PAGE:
“18/40 Celebrating Beginnings” will be held April 7 at Seton Hill University

Seton Hill University’s National Catholic Center for Holocaust Education (NCCHE) is celebrating its 18th (or “Chai”) anniversary with two special events on April 7, 2005 at Seton Hill. With the presentation of its Fifth Nostra Aetate Award to Rev. John T. Pawlikowski, OSM, PhD, the NCCHE will reaffirm the Vatican document Nostra Aetate, which serves as the basis for the Center’s work. In addition, the NCCHE will present 18 Chai Awards to dedicated supporters of the Center.

Established by Seton Hill in 1991, the Nostra Aetate Award acknowledges distinguished and scholarly work done by an individual in the field of Catholic-Jewish relations. Rev. John T. Pawlikowski, OSM, PhD, is a professor of social ethics at Catholic Theological Union and directs the Catholic-Jewish Studies program in Catholic Theological Union’s Cardinal Joseph Bernardin Center. The author of more than fifteen books, including “The Challenge of the Holocaust for Christian Theology,” “Good and Evil After Auschwitz,” and “Ethics in the Shadow of the Holocaust,” He serves as the current president of the International Council of Christians and Jews and a former long-term member of the U.S. Holocaust Memorial Council (where he is still active on several committees.) A recent cover story in the Chicago Jewish News referred to Pawlikowski as “the most well-connected Catholic to the Jewish community in the world.” The Nostra Aetate Award will be presented to Rev. Pawlikowski on Thursday, April 7, 2005 at 5 p.m. in St. Joseph Chapel as part of the NCCHE’s “18/40 Celebrating Beginnings” event. The program is free and open to the public.

The Chai Awards offer special tribute to those who helped the NCCHE begin its work. The Chai Award recipients are: Shalmi Barmore, Shulamit Bastacky, Jacqueline Berke, Robert and Phyllis Davis, Eugene Fisher, Stanley and Marcia Gumberg, Linda Hurwitz, Robert Mendler, Donald and Janet Moritz, Edie Naveh, Peggy Obrecht, Michael Phayer, Marga Randall, Michael Sand, Sybil Schwartz, Sisters of Charity of Seton Hill, Sissy and Gary Stein, and Thomas Voss. In their honor, 180 trees will be planted in the hills of Jerusalem. Each awardee will receive a certificate from Jerusalem noting the gift of 10 trees planted in their name. The Chai Awards will be presented during the Chai Awards Dinner on Thursday, April 7, from 7 – 9 p.m. in Cecilian Hall as part of the NCCHE’s “18/40 Celebrating Beginnings” event. The Chai Awards are open to the public, at a cost of $36 per person. To register for the event, please call the Center at 724-830-1033.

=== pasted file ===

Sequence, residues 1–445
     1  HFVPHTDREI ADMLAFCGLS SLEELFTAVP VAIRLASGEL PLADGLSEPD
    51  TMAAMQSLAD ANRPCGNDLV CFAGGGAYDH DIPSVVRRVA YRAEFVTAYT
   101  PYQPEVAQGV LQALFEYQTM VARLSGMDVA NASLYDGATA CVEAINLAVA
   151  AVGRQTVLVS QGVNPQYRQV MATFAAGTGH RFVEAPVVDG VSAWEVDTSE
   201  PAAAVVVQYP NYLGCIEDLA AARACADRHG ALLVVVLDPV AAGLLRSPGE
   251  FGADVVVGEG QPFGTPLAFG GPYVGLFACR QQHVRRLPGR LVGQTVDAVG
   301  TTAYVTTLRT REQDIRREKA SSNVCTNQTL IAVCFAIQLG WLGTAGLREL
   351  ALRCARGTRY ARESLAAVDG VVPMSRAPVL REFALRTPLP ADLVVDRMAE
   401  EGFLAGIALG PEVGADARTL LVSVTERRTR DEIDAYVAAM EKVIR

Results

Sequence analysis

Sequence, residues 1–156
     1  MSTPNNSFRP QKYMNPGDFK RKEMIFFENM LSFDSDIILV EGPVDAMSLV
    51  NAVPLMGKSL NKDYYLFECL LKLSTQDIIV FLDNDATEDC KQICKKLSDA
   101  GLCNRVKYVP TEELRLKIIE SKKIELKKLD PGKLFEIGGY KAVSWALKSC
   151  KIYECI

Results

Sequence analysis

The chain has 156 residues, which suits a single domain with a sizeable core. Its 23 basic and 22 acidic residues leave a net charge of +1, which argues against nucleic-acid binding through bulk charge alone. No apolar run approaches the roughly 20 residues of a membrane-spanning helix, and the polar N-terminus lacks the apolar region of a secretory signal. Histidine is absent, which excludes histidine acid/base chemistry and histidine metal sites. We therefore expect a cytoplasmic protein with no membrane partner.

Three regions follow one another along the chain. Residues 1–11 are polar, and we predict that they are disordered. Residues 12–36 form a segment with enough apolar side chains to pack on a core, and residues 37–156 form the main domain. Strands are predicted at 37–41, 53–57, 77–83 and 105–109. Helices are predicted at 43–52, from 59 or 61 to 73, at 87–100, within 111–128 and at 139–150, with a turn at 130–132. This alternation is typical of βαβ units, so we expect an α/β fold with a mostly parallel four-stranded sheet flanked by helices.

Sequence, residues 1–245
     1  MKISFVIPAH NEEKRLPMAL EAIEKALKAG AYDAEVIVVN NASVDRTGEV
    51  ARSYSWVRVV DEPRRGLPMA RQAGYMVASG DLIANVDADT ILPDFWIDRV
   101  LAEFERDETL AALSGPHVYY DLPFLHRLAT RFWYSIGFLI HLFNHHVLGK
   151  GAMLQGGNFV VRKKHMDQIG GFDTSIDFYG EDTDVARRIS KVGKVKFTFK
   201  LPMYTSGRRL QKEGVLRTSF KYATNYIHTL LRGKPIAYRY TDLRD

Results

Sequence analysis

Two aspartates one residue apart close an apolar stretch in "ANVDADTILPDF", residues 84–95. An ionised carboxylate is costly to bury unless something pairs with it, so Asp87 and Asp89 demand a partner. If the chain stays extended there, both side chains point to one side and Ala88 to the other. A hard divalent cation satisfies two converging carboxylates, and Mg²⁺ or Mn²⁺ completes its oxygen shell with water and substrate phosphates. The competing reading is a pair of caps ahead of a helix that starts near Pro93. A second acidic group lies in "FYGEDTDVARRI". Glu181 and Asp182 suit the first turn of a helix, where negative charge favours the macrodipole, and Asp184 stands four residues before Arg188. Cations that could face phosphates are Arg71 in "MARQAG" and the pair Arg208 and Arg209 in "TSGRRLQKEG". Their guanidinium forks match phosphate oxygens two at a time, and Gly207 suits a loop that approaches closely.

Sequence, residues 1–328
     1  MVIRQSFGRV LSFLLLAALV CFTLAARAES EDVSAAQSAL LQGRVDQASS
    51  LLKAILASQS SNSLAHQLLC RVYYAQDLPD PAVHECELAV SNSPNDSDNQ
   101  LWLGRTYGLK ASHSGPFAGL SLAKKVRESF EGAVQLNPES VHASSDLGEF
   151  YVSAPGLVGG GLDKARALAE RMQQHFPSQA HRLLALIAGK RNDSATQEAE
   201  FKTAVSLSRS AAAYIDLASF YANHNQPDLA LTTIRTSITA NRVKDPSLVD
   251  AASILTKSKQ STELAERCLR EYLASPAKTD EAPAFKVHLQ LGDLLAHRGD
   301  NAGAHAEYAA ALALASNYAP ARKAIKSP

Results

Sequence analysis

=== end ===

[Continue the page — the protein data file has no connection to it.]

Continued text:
The National Catholic Center for Holocaust Education was established on the campus of Seton Hill University in 1987 in response to the urging of Pope John Paul II to recognize the significance of the SHOAH, the Holocaust, and to "promote the necessary historical and religious studies on this event which concerns the whole of humanity today." (Letter to Archbishop William May, 1987) The Center is administered by Lois Sculco, S.C., in the United States and Gemma Del Duca, S.C., in Israel. For more information on the National Catholic Center for Holocaust Education or the “18/40 Celebrating Beginnings” event, please call 724-830-1033, e-mail ncche@setonhill.edu or visit www.setonhill.edu and click on “Centers” and “NCCHE.”

Seton Hill University, chartered in 1918, is a coeducational Catholic liberal arts university in Greensburg, Pa. with more than 30 undergraduate programs and 8 graduate programs, including an MBA. Seton Hill brings the world to its students through its distinguished lecturers and nationally and internationally renowned centers. Twice recognized by Entrepreneur magazine as one of the nation’s Top 100 Entrepreneurial Universities, Seton Hill has also been named one of the Best Mid-Atlantic Colleges by The Princeton Review and one of Pennsylvania’s Top 100 Businesses by Pennsylvania Business Central. For more information on Seton Hill please visit www.setonhill.edu or call 1-800-826-6234.